Halloween will be here this weekend. Here are some tips to make sure it's a healthy, fun holiday.
This Fact Sheet from the American Academy of Pediatrics has a lot of great safety information -- from pumpkin carving to costumes to actual trick-or-treating activities -- in simple bullet points. US CDC and FDA have similar advice.
Check out these resources for additional information:
When purchasing a costume, masks, beards, and wigs, look for the label Flame Resistant. Although this label does not mean these items won't catch fire, it does indicate the items will resist burning and should extinguish quickly once removed from the ignition source. To minimize the risk of contact with candles or other sources of ignition, avoid costumes made with flimsy materials and outfits with big, baggy sleeves or billowing skirts. For more safety information, read this US Consumer Product Safety Commission's Halloween Safety Alert.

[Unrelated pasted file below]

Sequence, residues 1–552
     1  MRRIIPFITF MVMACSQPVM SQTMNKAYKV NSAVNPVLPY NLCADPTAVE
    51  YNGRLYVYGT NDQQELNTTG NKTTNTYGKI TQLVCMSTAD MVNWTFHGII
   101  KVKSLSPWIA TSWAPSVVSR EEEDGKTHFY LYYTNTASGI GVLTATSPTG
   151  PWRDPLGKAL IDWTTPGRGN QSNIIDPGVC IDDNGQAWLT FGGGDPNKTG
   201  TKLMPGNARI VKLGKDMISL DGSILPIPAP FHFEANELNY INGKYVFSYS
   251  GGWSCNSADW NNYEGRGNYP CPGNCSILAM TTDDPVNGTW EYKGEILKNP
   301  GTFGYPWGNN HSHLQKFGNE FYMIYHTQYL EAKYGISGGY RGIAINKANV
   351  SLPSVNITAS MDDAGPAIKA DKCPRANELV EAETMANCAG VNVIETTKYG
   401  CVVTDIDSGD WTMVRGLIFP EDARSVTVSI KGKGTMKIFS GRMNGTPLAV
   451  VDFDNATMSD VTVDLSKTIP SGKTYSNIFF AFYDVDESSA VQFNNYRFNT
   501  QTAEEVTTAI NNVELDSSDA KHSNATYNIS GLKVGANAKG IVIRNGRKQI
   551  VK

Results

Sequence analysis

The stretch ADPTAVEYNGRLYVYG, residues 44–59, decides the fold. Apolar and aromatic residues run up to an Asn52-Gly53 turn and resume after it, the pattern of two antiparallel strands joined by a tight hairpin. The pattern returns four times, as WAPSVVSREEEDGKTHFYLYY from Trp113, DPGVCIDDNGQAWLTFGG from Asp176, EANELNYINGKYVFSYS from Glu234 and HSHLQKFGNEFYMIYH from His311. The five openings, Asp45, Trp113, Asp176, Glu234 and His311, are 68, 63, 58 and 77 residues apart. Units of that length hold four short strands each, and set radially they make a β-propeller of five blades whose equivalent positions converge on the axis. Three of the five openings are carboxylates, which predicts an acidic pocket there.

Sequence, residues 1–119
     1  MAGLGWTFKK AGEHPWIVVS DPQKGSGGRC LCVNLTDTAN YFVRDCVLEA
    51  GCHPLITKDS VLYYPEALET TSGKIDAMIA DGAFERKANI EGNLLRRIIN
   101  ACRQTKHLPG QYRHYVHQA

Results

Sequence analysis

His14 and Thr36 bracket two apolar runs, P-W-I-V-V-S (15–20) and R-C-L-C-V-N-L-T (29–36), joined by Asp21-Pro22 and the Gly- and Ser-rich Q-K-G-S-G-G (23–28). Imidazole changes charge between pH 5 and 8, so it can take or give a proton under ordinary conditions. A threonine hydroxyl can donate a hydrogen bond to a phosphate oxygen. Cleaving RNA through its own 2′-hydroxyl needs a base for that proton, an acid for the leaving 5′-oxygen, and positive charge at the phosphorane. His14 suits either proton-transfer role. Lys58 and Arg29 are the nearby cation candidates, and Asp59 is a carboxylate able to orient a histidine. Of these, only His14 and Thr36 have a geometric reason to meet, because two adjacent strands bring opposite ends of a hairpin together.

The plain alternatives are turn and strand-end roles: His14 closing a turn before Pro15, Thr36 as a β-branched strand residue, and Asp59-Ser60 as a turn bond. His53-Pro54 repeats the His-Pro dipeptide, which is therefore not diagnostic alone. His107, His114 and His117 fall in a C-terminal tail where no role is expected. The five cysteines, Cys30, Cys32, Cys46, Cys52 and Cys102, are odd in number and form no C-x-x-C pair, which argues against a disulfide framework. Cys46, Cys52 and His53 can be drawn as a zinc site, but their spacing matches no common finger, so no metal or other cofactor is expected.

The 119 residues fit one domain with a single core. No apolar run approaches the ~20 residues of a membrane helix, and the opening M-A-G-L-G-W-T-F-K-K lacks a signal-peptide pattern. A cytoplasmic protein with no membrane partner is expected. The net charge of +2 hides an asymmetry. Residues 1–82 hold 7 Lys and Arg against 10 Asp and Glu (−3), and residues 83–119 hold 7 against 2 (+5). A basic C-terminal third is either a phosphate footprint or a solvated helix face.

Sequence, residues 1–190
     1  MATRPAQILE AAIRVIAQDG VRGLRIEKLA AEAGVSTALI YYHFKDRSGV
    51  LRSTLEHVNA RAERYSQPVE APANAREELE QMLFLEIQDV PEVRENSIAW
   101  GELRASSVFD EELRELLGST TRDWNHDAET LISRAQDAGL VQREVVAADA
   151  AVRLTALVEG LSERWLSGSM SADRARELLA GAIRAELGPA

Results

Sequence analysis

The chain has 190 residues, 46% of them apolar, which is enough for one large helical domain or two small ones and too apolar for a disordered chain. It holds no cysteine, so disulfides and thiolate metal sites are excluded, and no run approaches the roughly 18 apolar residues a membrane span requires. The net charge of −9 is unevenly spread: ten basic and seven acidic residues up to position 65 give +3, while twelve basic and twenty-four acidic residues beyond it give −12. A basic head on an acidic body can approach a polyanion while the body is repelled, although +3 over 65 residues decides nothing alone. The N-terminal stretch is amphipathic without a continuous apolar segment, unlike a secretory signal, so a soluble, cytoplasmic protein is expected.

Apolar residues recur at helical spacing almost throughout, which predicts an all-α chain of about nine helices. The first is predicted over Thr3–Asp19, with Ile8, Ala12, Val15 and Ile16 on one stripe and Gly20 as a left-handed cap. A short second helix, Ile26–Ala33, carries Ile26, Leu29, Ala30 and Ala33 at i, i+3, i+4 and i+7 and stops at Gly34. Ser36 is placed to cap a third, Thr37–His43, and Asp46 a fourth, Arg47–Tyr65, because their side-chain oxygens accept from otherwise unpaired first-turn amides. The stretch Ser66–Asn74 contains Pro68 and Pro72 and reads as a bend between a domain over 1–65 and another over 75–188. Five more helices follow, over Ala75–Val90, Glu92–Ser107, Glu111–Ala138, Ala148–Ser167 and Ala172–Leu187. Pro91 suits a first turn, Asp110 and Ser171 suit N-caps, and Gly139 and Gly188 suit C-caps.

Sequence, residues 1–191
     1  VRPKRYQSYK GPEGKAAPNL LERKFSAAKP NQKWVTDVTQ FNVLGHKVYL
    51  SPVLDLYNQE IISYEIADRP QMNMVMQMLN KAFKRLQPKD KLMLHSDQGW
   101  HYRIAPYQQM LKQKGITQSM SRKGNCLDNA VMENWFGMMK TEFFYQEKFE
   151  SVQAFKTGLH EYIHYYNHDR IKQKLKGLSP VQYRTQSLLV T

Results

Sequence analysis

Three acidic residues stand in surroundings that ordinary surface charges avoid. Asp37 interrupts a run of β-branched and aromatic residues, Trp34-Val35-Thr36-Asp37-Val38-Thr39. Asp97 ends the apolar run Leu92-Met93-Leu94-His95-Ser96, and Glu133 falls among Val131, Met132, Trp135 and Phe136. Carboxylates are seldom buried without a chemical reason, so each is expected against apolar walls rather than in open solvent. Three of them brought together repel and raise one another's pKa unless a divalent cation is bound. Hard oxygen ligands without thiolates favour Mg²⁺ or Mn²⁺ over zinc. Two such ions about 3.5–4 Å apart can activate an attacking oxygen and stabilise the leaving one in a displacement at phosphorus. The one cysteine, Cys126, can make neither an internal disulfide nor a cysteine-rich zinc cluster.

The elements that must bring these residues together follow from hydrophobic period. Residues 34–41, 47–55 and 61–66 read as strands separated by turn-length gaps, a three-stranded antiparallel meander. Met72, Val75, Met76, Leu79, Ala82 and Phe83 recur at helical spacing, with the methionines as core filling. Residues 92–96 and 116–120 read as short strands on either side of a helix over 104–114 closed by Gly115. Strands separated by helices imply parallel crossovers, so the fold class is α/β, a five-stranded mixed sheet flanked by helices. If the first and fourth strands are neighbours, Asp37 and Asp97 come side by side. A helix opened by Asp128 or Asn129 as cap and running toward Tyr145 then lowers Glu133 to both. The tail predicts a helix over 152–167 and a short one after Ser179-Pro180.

Does your costume involve face paint or other makeup? Make sure you check out FDA's website on novelty makeup before you apply it.
Candy and Treats
Some candies have recently been recalled due to allergy and safety concerns. Stay on top of FDA's recalls. Chocolate past its expiration date can cause illness -- check out this HealthFinder.gov article on shelf life.
These Halloween Food Safety Tips for Parents include basis information about inspecting your children's candy and not accepting anything that isn't commercially packaged. It also describes how to avoid bacteria from apple cider and if you go bobbing for apples.
Does your child have nut allergies? Find out how you can make sure Halloween is safe and fun despite allergies.
Do you want to provide more nutritious treats? Here are some excellent ideas from Clemson University Cooperative Extension in South Carolina.